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By convention, the first program a programmer writes when learning a new technology is a Hello World program: It's the simplest program possible in that it just prints the message Hello World! on the screen. Essentially, it indicates to the novice that your initial code seems to be working at the outset.
However, the Bitcoin programs we need to write must perform two main tasks: receive money and send money. In this chapter, we'll focus solely on receiving money and write a program called Hello Money!. In Appendix B we'll write a Bye-Bye Money program to send money.
Bitcoin Core vs. Bitcoind
As discussed earlier, the programming techniques described in this chapter will work with either of the wallet apps, Bitcoin Core or bitcoind. The only substantive difference between the two programs is that Bitcoin Core has a graphical UI; basically, it is just bitcoind with a frontend attached to it. Because of the friendliness of the graphical UI, we'll use Bitcoin Core for
the example in this chapter. However, bitcoind is slightly less resource-intensive and can more easily run on computer servers via a terminal console. Consequently, it's best for you to use bitcoind if you actually deploy a finished program that uses the concepts in this chapter.
You'll need a few tools to ready your machine before you begin programming, so let's get them now. The instructions provided here assume a Windows development environment; skip ahead to "For Mac Hackers" on page 219 or "For Linux Folks" on page 219 if you're using either of those platforms.
You first need to download an installer for Nodejs from the nodejs.org/ website. When you run the installer for Node.js, it will also install the Node Package Manager (npm) that we'll rely on next.
Starting Bitcoin Core
If you haven't already, download Bitcoin Core from its official website at bitcoin.org/en/download.
The first time you run Bitcoin Core in server mode, it will ask you to create a file named bitcoin.conf in a specific location and add a user ID and password to this file. Follow the directions as suggested because we'll use the userid and password shortly. Then, restart Bitcoin Core.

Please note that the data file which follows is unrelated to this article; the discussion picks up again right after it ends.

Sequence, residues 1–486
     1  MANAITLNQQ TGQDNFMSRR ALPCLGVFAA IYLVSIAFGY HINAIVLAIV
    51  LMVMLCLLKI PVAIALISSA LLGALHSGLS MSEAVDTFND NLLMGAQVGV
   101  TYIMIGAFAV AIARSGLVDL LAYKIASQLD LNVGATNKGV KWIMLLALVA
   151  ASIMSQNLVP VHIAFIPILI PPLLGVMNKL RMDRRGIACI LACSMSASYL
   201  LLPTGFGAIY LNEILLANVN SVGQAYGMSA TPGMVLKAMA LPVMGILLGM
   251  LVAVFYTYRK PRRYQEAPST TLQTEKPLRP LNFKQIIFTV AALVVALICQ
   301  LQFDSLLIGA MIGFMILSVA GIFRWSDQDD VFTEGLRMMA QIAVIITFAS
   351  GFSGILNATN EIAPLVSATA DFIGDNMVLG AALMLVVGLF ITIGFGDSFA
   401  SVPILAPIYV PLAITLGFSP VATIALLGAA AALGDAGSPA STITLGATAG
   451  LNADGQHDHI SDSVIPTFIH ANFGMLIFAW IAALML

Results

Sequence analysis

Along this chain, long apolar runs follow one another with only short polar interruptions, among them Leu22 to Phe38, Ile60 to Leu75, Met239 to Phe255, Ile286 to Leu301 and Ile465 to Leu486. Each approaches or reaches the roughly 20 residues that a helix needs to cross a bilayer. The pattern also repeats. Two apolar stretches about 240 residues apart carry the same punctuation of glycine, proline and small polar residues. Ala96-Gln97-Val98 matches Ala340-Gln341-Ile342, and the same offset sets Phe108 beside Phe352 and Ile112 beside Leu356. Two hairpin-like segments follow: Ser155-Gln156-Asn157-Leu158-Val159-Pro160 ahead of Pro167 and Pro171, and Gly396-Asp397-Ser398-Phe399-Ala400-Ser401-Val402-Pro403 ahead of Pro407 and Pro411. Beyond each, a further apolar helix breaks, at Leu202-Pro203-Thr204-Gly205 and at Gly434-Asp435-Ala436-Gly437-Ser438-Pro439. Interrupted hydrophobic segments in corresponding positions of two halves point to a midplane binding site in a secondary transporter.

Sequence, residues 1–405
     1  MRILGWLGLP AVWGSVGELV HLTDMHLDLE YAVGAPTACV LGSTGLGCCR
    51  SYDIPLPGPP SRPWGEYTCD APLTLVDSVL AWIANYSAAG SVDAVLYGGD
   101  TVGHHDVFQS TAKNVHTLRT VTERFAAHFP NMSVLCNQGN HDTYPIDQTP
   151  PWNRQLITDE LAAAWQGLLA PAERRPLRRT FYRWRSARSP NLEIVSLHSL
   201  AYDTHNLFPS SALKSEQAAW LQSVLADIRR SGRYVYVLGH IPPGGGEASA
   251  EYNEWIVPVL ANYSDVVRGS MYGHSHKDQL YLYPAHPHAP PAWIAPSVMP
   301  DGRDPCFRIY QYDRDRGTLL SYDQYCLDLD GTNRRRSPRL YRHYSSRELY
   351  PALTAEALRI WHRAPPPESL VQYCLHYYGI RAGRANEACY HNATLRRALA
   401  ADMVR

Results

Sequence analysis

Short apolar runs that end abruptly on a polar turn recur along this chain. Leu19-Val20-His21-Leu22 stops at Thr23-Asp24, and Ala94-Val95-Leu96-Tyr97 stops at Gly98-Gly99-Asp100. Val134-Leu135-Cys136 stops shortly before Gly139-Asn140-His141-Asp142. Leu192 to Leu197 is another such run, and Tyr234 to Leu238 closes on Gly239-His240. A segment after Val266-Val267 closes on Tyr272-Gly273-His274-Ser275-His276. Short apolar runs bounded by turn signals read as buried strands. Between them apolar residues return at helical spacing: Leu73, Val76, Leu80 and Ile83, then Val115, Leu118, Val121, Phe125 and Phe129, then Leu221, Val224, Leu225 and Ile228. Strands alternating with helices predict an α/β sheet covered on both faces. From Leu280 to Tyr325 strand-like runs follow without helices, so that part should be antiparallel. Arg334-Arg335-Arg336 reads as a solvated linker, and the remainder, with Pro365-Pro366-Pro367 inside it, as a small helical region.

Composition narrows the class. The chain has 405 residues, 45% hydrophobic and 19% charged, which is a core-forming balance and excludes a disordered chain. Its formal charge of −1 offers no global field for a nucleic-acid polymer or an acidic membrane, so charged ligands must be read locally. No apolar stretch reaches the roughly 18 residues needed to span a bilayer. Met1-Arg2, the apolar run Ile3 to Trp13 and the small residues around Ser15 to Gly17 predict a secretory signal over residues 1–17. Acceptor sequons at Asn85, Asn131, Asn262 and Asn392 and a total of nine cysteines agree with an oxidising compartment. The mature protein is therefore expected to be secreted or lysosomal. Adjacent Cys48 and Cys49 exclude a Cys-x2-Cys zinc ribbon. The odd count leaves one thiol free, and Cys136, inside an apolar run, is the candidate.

If you already have Bitcoin Core (previously called Bitcoin-Qt) installed but are following this tutorial for the first time, then you will need to locate your previously created bitcoin.conf file. For Windows users you might want to look in C:Users<username>AppDataRoamingBitcoinitcoin.conf. For Mac users, try /Users/< username >/Library/ApplicationSupport/Bitcoin/bitcoin. conf. For Linux users, try /home/<username>/ .bicoin/bitcoin.conf.
Gotcha for Windows users: If you try to create the bitcoin.conf file with Windows
Notepad, be aware that Notepad will (oh so helpfully) tack on a .txt extension, which Windows will also (oh so helpfully) keep completely hidden from you for your own protection (a prime example of why most hackers these days try to avoid using Windows). To circumvent this problem, put quotes around the name bitcoin.conf when you enter it into the Save As dialog in Notepad.
At this point, as is usual for a Bitcoin wallet, Bitcoin Core will take several hours downloading the blockchain before it's ready for the next steps—a perfect time for an extended lunch break!
For Mac Hackers
If you're using a Mac and are comfortable using a terminal, you can run specific commands to automatically search for, download, and install the required programs.
On Mac, download homebrew, a command-line tool that will handle the entire process for you:
For Linux Folks
If you're using flavors of Debian Linux, such as Ubuntu, you'll just use the PPA feature to install the libraries:
With a working Bitcoin Core server, we're now ready to start programming.